Perfect Napa Valley Itinerary for First-Time Visitors

  • Travel
  • by JILLIAN DARA
  • on SEPTEMBER 18, 2023
  • 1972
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Travel

Perfect Napa Valley Itinerary for First-Time Visitors

By Jillian Dara September 18, 2023

At 30 miles long, Napa Valley is relatively small but mighty. The Northern California region that’s about 50 miles from San Francisco is, of course, synonymous with wine. Most renowned for its bold Cabernet Sauvignon, it’s also home to beautiful examples of Merlot, Cabernet Franc, Sauvignon Blanc, and Chardonnay. In fact, there are 16 designated appellations (or AVAs), over 45,000 acres of vines, and some 400 wineries to choose from, making it a must-visit wine region in California.

Perfectly aligned with quality wine is gourmet cuisine, which Napa’s restaurant scene excels at. There’s Michelin-star venues, fine Italian dining, and casual eateries to ensure you’re never hungry here. There’s also an impeccable wellness scene that dates back 500 years ago, when natural volcanic hot springs were discovered at the base of Mount St. Helena and recognized for their healing powers. Today, many spas throughout Napa Valley, particularly in Calistoga, incorporate the natural minerals and healing waters into their spa treatments.

Want to visit Napa Valley for a few days of epicurean immersion—wine tastings, restaurant hopping, and a cooking class—culminating in a healing soak before heading home? Here’s the perfect Napa Valley itinerary for your first visit to this world-class wine region.

Napa Valley Itinerary for First-Time Visitors

Day 1

St. Helena & Rutherford

There’s no better way to begin your first trip to Napa Wine Country than by raising a glass or two at some of the hundreds of tasting rooms throughout the Valley. Since Napa is divided into five main towns—Calistoga, St. Helena, Yountville, Rutherford, and Napa—it’s best to cluster your tastings by location. St. Helena is an ideal spot to start as it has a mix of Napa’s key players and newcomers, as well as plenty of mouthwatering eats nearby.

Start at HALL Wines for a wine tasting among art in their gallery style tasting room. Next up, Faust presents an entirely different tasting experience at their Victorian farmhouse—opt for their picnic option if your visit falls around lunch time. Or save your appetite for a quintessential St. Helena experience; a stacked-high burger from Gott’s Roadside. A downtown institution since 1999, there will surely be a line, but the reward is worth the wait.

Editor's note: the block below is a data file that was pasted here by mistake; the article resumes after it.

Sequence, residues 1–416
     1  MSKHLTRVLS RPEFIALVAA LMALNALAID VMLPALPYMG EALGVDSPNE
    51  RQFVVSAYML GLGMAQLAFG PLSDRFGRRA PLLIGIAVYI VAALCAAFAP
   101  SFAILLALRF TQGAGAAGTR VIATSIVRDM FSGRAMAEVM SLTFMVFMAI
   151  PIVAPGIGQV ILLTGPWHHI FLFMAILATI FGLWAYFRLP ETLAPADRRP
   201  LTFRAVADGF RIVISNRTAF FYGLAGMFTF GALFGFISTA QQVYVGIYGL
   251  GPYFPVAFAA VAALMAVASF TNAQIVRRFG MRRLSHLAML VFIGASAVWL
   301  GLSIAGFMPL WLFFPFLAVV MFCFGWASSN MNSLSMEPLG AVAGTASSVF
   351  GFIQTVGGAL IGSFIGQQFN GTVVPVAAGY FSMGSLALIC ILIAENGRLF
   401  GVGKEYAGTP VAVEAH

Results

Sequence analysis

If you’d rather enjoy a wine tasting with your meal, try Clif Family Winery, known for their thoughtful culinary pairings. We especially like their Ultimate Street Food Pairing Experience. Or, head across the street to The Charter Oak. Their burger is quite famed too, wood-fired and scrumptiously paired with their fermented vegetable dip.

After refueling, it’s time to check out Merryvale Vineyards and, further down the Silverado Trail, Conn Creek Winery. At the latter, we love their AVA Experience Tasting, which presents guests with a series of Conn Creek’s limited AVA Cabernet Sauvignon to showcase how Napa Valley’s different sub-appellations express themselves through each vintage. This places you en route to your next Napa town, Rutherford, where you can venture to the longstanding PEJU Winery, which recently celebrated its 40th anniversary, or to Grgich Hills Estate, one of the early pioneers in the region.

If looking for a different kind of sampling experience, the Olive Oil Tasting at Round Pond’s Olive Mill educates guests on the olive cultivation, harvest, and production required to create premium olive oil, followed by a guided tasting of the estate’s fresh oils and red wine vinegar blends.

Finish up your inaugural day in Napa by reminiscing on the memories made thus far at one of Up Valley’s dining hotspots. In St. Helena, Acacia House offers a sustainable and seasonal menu of new-American fare, while in Rutherford, The Restaurant at Auberge du Soleil presents a French fine dining experience with a fabulous view. For something a little more casual, try Cook for elevated Italian classics.

Stay

Both the Alila Napa Valley and Meadowood Napa Valley offer stunning accommodations in St. Helena to ensure your drive times remain limited. With 68 rooms that feature fire pit-outfitted balconies overlooking Beringer Vineyards, the adults-only Alila Napa Valley is an oasis for couples. Meadowood’s 36 suites and rooms are also romantic, and its luxury cottages make it appealing to friends traveling together.

Meadowood Napa Valley

Day 2

Yountville and Napa

Rise and shine with a breakfast sandwich from Model Bakery, famous for their fluffy English muffins, or get room service delivered to your hotel room before venturing off for another great day.

After spending your first day in St. Helena, now it’s time to focus on the wineries closer to Napa, at the southern end of the Valley. A few must-visits include Hess Persson Estates, Etude, and Burgess Cellars, for their great wine and intimate experiences. Or, consider putting the pedal to the medal with Getaway Adventures to see the Valley and its wineries from a new perspective, while working up a sweat.

Hess Persson Estates
Take an ATV Tour through the vineyards! Photo Courtesy of Hess Persson Estates